Most Members will tell staff what they need and leave it to them to do the real work. Not Conrad. He sits through the negotiations. Its almost as if he does staff work in addition to a Members work. He always has paper. He has information. He knows his stuff. And when the doors close, he cuts the deal, said the staffer.
The question, of course, is whether everyone will like the deal.
Republicans, in particular, were quick to criticize Conrads version of the budget last week.
Senate Minority Leader Mitch
McConnell (R-Ky.) said Obamas budget spends too much, taxes too much and borrows too much the newest Republican refrain. But he also slammed Conrad when he complained that given all the bipartisan praise that budget transparency received ... the Budget Committee voted to put most of the gimmicks and tricks back in.
Conrads disagreement with the Obama budgets bottom line doesnt necessarily mean that the North Dakotan disagrees with what Obama wants to accomplish. He has only suggested that he is unhappy with the cost of some of the pieces of President Obamas agenda.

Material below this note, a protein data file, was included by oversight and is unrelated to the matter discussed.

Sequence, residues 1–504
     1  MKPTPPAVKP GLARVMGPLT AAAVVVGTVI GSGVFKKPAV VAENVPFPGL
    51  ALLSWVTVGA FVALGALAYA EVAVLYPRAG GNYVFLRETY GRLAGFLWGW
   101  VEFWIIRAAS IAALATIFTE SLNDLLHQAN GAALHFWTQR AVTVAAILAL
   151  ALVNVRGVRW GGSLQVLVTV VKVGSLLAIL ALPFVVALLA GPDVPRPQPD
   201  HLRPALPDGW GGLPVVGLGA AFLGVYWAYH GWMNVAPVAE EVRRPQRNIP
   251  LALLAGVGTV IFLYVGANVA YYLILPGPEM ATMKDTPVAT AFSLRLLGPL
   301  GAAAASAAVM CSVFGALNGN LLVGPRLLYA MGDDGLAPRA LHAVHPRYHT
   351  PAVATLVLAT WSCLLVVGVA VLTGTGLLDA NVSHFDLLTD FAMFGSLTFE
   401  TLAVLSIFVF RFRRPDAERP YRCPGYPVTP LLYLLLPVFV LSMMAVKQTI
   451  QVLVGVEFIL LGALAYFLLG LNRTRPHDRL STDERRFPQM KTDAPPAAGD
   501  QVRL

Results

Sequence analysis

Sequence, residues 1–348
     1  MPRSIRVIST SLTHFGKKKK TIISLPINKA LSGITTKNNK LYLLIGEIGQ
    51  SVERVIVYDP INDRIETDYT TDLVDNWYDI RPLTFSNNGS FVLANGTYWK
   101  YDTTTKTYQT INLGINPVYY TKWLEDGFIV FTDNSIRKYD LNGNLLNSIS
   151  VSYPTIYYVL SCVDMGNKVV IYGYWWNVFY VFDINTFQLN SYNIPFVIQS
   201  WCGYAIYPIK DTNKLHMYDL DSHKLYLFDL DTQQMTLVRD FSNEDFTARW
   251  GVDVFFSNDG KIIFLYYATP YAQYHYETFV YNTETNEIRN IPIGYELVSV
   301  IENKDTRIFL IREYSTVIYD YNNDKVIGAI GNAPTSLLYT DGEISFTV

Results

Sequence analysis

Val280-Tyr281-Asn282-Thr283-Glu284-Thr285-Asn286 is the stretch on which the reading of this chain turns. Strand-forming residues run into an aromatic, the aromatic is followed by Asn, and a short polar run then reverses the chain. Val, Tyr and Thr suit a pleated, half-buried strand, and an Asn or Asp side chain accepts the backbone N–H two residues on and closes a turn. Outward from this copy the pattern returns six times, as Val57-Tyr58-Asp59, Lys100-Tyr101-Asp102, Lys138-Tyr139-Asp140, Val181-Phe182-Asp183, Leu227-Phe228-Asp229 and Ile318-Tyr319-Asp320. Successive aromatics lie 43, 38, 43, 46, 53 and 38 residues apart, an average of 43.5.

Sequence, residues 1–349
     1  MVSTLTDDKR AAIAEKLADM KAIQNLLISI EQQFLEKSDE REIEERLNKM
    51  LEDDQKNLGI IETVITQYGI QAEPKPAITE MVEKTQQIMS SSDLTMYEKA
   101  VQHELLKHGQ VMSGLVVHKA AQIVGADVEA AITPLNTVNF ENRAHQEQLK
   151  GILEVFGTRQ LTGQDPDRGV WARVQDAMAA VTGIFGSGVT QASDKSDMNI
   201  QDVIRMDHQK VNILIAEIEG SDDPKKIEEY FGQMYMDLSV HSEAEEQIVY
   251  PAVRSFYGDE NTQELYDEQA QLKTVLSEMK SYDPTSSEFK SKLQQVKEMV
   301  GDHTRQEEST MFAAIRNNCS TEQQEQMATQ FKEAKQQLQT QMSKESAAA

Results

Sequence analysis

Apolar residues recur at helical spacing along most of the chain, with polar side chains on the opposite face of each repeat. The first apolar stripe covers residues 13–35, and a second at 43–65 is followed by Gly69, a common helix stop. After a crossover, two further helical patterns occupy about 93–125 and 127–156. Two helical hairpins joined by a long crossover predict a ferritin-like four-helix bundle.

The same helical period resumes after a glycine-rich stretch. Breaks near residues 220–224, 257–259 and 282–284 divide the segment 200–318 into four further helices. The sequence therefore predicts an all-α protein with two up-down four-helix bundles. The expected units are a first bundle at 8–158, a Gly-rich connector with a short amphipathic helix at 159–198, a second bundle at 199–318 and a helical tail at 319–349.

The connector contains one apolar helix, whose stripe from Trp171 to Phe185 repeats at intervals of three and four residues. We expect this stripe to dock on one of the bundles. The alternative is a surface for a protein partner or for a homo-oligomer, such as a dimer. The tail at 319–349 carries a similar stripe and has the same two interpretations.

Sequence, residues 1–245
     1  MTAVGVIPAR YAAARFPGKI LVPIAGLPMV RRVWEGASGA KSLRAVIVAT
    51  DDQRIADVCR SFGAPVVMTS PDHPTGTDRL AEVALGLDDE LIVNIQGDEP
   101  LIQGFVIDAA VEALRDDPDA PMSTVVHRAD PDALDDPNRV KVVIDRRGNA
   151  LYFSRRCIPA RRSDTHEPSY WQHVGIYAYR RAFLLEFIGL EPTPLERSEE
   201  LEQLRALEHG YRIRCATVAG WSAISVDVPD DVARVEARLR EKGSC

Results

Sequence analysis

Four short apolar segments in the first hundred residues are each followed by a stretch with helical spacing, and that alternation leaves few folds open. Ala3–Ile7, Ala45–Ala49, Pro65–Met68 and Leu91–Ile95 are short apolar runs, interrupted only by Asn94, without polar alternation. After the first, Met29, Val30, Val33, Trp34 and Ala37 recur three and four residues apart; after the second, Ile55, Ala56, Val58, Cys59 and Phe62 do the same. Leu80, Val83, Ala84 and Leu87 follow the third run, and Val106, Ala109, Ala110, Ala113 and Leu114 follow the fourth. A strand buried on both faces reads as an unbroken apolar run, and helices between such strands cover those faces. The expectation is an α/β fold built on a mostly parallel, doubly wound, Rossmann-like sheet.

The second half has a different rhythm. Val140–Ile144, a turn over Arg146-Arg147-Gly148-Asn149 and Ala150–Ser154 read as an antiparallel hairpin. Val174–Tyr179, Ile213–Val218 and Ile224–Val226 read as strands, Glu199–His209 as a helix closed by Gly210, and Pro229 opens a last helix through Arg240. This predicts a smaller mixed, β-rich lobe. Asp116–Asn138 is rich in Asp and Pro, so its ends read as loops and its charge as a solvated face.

However, Conrad has indicated that he
isnt ready to throw out procedural niceties, such as the filibuster, to accomplish big changes.
Given the presidents emphasis on bipartisan cooperation and changing the tone in Washington, D.C., as well as the likelihood that Republicans would go nuclear if Senate Democrats tried to use reconciliation to pass cap-and-trade legislation or even fundamental health care reform, Conrad could find himself facing off against his own partys Senate leadership.
Serious and studious, Conrad doesnt possess Barack Obamas charisma or bully pulpit. But because of his reputation and skill as a negotiator, the North Dakota Democrat definitely is a man to watch in the coming months.